It is estimated that up to 40% of refractory-lining failures can be attributed to a problem with the design of the anchor system or improper installation. This is a significant number. When designing a refractory lining for an industrial application, anchor design becomes one of the most important factors in creating a robust lining that is supported properly. In particular, the tips of the anchors experience the highest temperatures because they are closest to the hot face and thus become an important consideration.

Anchors have several functions. They hold the refractory to the wall to keep it from falling in. They also prevent wall buckling due to the internal thermal stresses created by high temperatures. And, to a lesser degree, anchors can also help support the load of the refractory weight.

Here are three important metallic anchor tips you need to know to create a monolithic refractory lining that is properly supported and maximizes service life.

 

Anchor Types and Service Temperatures

For refractory linings in which metallic anchor systems are used, refractory engineers and designers almost always use Class III austenitic stainless steel anchors of various qualities. The typical grades of stainless steel used are AISI 304, 309 and 310. These contain chromium and nickel to provide the best corrosion resistance and ductility at high temperatures.

For some applications in which temperatures are more extreme and the use of ceramic tile anchors is not practical for various reasons, AISI 330 and even Inconel 601 are sometimes used. These anchors have higher nickel content for superior oxidation resistance and tensile strength at temperatures of 2000°F or higher. Inconel 601 gives the added advantage of good resistance to both carburization and sulfidation in extreme applications.

 

Industry Best Anchor Practices

Anchor sizing for a refractory lining depends on the refractory thickness and number of components. Some designers use the practice of sizing the anchor height to be 75-85% through the main dense castable or gunned lining. Other rules of thumb used in the industry dictate that the anchor tip should be no more than 2 inches from the hot face of the refractory for thicker lining designs greater than 6-7 inches.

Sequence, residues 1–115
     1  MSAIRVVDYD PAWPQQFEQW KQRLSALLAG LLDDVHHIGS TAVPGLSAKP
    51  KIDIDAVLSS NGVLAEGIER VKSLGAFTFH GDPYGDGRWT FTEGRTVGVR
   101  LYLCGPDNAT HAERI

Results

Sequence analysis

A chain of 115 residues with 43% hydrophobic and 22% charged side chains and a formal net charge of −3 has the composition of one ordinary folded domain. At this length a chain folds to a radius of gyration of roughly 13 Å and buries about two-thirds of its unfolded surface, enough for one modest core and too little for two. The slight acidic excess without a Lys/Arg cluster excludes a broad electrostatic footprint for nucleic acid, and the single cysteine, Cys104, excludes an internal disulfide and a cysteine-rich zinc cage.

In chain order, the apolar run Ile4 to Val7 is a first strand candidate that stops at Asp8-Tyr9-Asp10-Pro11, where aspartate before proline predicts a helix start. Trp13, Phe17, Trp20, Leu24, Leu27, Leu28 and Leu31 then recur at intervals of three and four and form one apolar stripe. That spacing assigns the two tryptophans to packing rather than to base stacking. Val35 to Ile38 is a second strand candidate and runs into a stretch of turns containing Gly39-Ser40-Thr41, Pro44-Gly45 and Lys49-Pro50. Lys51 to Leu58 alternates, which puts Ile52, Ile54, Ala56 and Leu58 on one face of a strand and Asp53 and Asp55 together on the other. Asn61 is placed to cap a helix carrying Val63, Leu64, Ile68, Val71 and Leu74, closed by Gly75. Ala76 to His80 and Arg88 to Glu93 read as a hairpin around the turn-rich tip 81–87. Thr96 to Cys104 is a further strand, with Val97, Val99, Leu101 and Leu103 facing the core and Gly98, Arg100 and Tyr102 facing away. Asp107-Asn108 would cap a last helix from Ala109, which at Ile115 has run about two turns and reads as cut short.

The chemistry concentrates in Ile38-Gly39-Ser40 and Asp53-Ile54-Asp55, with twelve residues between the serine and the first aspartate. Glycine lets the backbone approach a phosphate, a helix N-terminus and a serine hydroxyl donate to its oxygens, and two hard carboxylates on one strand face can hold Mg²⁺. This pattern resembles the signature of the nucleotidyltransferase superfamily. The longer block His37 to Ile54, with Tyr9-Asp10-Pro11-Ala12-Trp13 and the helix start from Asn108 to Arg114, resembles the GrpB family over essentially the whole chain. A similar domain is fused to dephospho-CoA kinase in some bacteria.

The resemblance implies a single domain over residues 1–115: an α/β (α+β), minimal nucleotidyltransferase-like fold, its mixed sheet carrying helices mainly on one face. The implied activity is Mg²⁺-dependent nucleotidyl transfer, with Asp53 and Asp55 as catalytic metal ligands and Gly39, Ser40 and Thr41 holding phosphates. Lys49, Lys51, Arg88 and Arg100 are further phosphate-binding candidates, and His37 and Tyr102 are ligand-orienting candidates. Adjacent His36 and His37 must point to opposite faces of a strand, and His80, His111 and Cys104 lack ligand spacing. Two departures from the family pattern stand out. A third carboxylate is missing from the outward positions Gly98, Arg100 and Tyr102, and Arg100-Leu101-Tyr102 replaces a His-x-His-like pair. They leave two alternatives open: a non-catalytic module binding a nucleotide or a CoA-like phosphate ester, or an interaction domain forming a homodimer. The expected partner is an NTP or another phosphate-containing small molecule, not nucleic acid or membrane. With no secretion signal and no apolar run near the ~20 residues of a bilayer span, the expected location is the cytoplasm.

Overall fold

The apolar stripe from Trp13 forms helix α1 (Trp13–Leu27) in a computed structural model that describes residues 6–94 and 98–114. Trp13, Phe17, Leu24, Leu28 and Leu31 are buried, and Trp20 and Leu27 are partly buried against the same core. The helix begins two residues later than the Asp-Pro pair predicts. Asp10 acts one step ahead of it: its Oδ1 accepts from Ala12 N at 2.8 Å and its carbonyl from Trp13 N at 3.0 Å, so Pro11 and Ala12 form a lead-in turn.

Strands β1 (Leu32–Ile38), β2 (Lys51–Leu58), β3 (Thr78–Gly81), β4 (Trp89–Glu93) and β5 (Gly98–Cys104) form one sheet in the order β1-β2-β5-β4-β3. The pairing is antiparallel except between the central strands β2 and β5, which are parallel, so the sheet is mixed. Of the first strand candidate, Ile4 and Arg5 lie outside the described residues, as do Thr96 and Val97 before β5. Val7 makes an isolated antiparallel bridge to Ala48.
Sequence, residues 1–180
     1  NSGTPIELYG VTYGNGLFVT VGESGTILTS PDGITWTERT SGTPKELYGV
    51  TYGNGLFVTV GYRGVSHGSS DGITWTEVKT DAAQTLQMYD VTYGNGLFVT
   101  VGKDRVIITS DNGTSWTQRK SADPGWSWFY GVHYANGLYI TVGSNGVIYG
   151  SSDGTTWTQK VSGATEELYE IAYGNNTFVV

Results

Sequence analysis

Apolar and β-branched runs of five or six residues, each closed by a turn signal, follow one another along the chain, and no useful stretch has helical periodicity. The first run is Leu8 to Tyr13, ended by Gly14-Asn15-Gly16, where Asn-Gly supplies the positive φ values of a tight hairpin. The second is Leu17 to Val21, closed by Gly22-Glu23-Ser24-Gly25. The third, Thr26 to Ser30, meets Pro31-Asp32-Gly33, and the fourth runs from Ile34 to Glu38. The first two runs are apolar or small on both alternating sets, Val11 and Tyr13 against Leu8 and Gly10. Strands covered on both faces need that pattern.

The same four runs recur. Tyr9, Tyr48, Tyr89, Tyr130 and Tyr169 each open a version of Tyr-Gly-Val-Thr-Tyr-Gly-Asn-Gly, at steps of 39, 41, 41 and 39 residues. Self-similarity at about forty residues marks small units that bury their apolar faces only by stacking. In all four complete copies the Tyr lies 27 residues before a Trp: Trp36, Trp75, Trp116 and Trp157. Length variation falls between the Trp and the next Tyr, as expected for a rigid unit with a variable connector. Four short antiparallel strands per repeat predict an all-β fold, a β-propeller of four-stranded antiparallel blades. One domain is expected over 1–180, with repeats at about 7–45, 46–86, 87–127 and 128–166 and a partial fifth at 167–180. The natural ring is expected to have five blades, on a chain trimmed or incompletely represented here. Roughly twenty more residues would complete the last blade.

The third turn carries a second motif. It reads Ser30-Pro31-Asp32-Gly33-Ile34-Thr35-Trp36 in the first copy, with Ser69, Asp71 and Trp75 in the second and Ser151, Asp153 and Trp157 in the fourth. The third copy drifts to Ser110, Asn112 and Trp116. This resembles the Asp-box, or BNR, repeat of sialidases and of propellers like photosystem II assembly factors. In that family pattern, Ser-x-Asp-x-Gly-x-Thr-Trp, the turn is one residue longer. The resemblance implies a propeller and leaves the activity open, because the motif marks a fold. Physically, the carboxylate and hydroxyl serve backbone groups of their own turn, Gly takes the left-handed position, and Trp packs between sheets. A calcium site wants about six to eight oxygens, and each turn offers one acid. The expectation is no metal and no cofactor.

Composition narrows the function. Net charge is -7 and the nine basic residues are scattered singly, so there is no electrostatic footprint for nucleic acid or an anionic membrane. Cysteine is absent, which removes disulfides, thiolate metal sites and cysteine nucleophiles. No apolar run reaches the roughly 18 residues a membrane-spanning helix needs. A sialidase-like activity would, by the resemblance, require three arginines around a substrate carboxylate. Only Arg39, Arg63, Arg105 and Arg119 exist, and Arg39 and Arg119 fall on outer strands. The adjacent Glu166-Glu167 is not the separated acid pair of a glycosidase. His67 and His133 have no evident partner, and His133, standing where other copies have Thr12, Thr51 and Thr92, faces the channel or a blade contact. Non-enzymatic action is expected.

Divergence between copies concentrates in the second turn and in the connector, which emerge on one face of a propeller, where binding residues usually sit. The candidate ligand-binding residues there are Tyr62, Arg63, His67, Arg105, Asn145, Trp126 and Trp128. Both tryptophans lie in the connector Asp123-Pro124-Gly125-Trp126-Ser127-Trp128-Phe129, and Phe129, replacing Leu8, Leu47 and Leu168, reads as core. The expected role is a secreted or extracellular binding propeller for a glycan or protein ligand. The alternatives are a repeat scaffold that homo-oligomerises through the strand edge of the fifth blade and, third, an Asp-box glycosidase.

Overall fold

It is useful to know the temperature gradient through the refractory lining, from the hot face to the cold face, to choose the proper anchor size so that one doesn’t exceed the temperature limit of the alloy being used. To help calculate the correct temperatures at different points in the refractory lining, many industry professionals will use a heat loss calculator/estimator.

Using a heat loss calculator/estimator, one can choose the proper anchor height by determining the anchor tip temperature it will experience. There are numerous heat loss applications that can estimate the cold face of a furnace lining given the input conditions of a thermal unit. As part of its value-added service as a refractory solutions provider, Plibrico Company, LLC, has a web-based heat loss application that gives a good estimation of the thermal gradient of the refractory lining from hot face to cold face to maximize the anchor thermal performance.

For example, look at figure 2. You can see a 9-inch side wall of refractory lining using 6 inches of a typical 60% alumina low-cement castable and 3 inches of 2300°F lightweight insulating castable for an application operating at 2000°F with an ambient temperature of 80°F. For this application, we would select 309 SS or 310 SS metallic anchors because the intermediate temperature at about 80% of the main lining thickness is approximately 1900°F. Although 304 SS anchors would be more cost effective and are most commonly used in the industry, the anchor tips would oxidize at this temperature and essentially burn out.

 

A Word on Anchor Tips

Standard practice has been to allow for expansion of the anchor tines by covering the anchor tips with plastic caps, dipping them in a wax or putting tape on them. Metallic anchors expand at about three times the rate of alumino-silicate refractories. The expansion material affixed to the anchor tips burns out at low temperature and allows the anchor a space to expand without causing cracks in the refractory.

Best practices in metallic anchor design also must include anchor spacing. Greatly a function of the specific equipment and geometry size, refractory engineers must consider the specific installation area. For example, anchor spacing patterns will be different in a flat wall or roof compared to a section that has a transition of geometry or a less critical area of a vessel.

Anchor spacing should be based on the features of each specific project, such as mechanical properties of the anchor, and the refractory lining as a function of the temperature. Refractory engineers will use these properties in mathematical models to help create the optimal anchor spacing pattern and plan.

Failures often commonly attributed to the refractory component can, in fact, be caused by deficiencies in the anchoring system. A robust anchoring system is key to maintaining monolithic refractory lining integrity, even when it is cracked, to prevent a total structural collapse.

To prevent vessel lining failures, increase service life and maximize refractory performance, incorporate these metallic anchor tips. With these tips, it is possible to design and optimize an anchoring system that will work well with the demanding needs of refractory linings.